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Merkava Mk.IV LIC

Introduction
For this feature I am using the Academy Merkava Mk4 LIC. The kit itself is a nice model built straight out of the box but if you are like me and suffer from AMS (Aftermarket syndrome) you can’t leave well enough alone. There are a lot of aftermarket items available for the Merkava and I used some to further enhance the kit. For this kit I used:

• Eduard Merkava Mk.IV Detail 36081
• ET Model Merkava III/IV Windbreaker APS EA35-066
• Friul MERKAVA MK. IV 35099
• EUREKA XXL Towing Cables for Merkava III ER3511
• Legend Merkava Mk. 4 Basket Set 1178
• SKP Model Lenses and tailights for Merkava IV SKP-136
• Djiti's Productions US Modern Antenna Mounts DJ35010
• Bison Decals Merkava Mk 4 (set 2) BD35146
• Legend IDF Tank Cal.50 set II 1128
• Legend IDF AFV FN MAG set 1160

Preparing the kit
One thing I find that does have to be done is the non slip coating. Although this kit has a sort of non slip texturing molded in it does not resemble the rough surface seen on real Merkavas. This is done by masking off all the sections that should stay smooth and spraying on hairspray followed by embossing powder. To seal in the embossing powder it gets a few extra coats of hairspray, and after that has dried a layer of primer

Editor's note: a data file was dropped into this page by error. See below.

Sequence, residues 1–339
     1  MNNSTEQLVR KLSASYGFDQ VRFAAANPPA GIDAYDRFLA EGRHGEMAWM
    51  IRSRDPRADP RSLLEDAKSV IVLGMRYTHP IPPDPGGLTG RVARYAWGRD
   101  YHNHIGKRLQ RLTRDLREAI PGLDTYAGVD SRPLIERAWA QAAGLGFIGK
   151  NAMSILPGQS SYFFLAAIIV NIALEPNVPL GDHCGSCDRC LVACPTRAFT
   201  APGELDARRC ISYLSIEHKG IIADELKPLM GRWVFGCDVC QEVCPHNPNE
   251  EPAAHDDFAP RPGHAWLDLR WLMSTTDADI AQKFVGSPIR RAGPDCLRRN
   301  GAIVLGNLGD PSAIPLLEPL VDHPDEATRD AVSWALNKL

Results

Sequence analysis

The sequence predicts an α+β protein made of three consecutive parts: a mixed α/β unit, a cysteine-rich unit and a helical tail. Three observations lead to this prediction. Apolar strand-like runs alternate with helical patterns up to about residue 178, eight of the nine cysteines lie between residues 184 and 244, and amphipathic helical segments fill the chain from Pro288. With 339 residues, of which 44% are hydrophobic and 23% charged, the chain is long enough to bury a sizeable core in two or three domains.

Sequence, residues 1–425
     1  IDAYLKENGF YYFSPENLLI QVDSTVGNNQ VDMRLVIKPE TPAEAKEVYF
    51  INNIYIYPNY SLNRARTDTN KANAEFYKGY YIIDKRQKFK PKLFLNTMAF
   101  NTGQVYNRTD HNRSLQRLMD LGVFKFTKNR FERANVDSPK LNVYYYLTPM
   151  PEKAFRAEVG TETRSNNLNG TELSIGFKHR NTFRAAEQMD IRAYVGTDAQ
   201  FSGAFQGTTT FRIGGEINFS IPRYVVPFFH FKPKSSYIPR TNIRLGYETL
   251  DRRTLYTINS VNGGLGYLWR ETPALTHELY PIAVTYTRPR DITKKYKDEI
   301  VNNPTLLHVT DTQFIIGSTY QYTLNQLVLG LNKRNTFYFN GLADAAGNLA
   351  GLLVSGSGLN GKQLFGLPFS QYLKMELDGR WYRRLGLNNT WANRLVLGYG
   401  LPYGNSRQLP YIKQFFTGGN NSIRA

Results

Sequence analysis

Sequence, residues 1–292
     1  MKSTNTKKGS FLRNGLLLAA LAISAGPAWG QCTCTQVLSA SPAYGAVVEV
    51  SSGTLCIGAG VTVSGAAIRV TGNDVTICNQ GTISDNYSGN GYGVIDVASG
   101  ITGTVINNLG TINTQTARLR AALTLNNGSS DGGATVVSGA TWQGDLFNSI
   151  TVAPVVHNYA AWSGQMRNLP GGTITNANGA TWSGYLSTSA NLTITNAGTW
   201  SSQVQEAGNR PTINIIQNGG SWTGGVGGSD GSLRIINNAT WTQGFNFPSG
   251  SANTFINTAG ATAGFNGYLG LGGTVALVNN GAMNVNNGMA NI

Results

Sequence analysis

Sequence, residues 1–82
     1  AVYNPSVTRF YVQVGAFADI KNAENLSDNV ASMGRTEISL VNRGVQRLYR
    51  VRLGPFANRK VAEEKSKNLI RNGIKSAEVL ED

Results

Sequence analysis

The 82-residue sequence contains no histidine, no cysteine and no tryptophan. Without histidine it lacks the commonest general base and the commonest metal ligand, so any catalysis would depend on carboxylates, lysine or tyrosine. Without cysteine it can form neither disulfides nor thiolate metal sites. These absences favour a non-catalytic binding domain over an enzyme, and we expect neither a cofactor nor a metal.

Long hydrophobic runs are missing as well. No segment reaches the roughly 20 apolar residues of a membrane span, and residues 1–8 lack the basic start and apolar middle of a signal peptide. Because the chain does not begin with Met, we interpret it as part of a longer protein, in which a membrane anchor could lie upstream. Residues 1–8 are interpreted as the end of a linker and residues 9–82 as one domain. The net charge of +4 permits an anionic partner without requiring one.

Colors
When it comes to IDF colors there is no real one color to go for. Every vehicle, although being painted in that IDF gray, green, brownish color will differ in shade depending on maintenance, duration in the field, fading and shade differences in the batch and amount of thinning of paint used.

I use several different paint mixes and two types of paint for IDF vehicles and alter them according to references I am using. The four main mixes I use for modern IDF vehicles are:

• Tamiya: one part XF- 20, one part XF- 57, one part XF- 27 and one part XF- 49
• Tamiya six parts XF-25, three parts XF -62 and one part XF-65
• Humbrol: 84
• Humbrol: one part 72, one part 155 and one part 159

The model featured is painted with the first mixture of Tamiya paints.

Preparing the kit
Before the base color could be applied the model was primed and then pre-shaded. Because the model will be painted one color pre and post shading is a useful technique to give the finished model more depth of color.

Using a piece of card panel lines where pre shaded so they would have a hard edge on one side and feather out on the other.
Base color
Now I could start applying the base color. This was heavily thinned using Tamiya lacquer thinner to the consistency of semi skimmed milk so the base color would be built up very slowly. Start by filling in the grey areas and avoid covering the pre shading.

With the grey areas filled in with the base color it can now be slowly applied of the entire model. Don’t try and do the covering layer in one go but use multiple layers so you have maximum control of the amount of the pre shading showing through.

Now the base color was on I lighten the mixture with some buff and thinned it down even more so I could start the post shading. This was applied to the centers of panels and, again using a piece of card as with the pre-shading used to further enhance the panel lines.